TOKYO: Japan’s trade deficit narrowed sharply in October, data showed on Thursday, as a weaker yen boosted exports while lower oil prices brought down the country’s massive energy bill.
The figures marked a bright spot among otherwise gloomy data lately, including gross domestic product (GDP) figures earlier this week that showed the world’s number-three economy had slipped into recession.
Japanese exports jumped nearly 10 percent last month, as higher shipments of cars, ships and steel helped the trade balance, while imports ticked up 2.7 percent.
That translated into a monthly trade deficit of 709.9 billion yen ($6.0 billion), or nearly 36 percent lower than a year-before shortfall of 1,100.4 billion yen, the finance ministry said.
The value of shipments to China rose 7.2 percent, while exports to North America climbed 8.5 percent and those to the European Union were up 5.4 percent.
Energy costs have weighed heavily on Japan as the resource-poor country struggles to plug its energy gap after the 2011 Fukushima crisis forced the shutdown of nuclear reactors that once supplied more than a quarter of its power.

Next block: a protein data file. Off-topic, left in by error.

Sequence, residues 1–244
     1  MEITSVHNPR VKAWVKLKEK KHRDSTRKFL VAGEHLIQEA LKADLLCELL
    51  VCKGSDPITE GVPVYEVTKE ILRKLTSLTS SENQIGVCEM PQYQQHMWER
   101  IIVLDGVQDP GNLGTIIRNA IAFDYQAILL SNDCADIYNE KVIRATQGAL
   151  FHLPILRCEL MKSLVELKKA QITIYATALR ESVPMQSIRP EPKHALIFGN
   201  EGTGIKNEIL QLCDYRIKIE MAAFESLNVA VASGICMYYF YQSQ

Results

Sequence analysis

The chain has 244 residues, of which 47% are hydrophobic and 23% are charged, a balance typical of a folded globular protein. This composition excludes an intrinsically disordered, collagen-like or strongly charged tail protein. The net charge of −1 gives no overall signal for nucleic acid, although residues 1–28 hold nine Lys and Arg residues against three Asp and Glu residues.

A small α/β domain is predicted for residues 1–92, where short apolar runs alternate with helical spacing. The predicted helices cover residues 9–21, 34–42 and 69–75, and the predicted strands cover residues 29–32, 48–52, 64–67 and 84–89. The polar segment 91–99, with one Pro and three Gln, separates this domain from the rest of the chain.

That problem has been exacerbated by the yen’s sharp fall—it is currently at a seven-year low against the dollar—which hiked the cost of imports purchased in foreign currencies.
But October oil imports were down 10.8 percent, partly reflecting lower prices on the world market.
The country’s trade balance was likely to narrow further as commodity prices moderate while the US Federal Reserve winds up its quantitative easing plan and eyes an interest rate hike next year, said Junichi Makino, chief economist at SMBC Nikko Securities.
“The Federal Reserve is about to tighten its credit grip, sending commodities prices tumbling,” he said in a note.
“This is a reversal of what had happed before. The normalization of the Federal Reserve’s monetary policy is expected to normalize Japan’s trade balance.”
On Wednesday, the Bank of Japan upgraded its view on exports as it held off further expanding its huge stimulus program.
However, the picture for exports remains cloudy amid tepid growth in the eurozone and a slowdown in China, a key trading partner for Japan.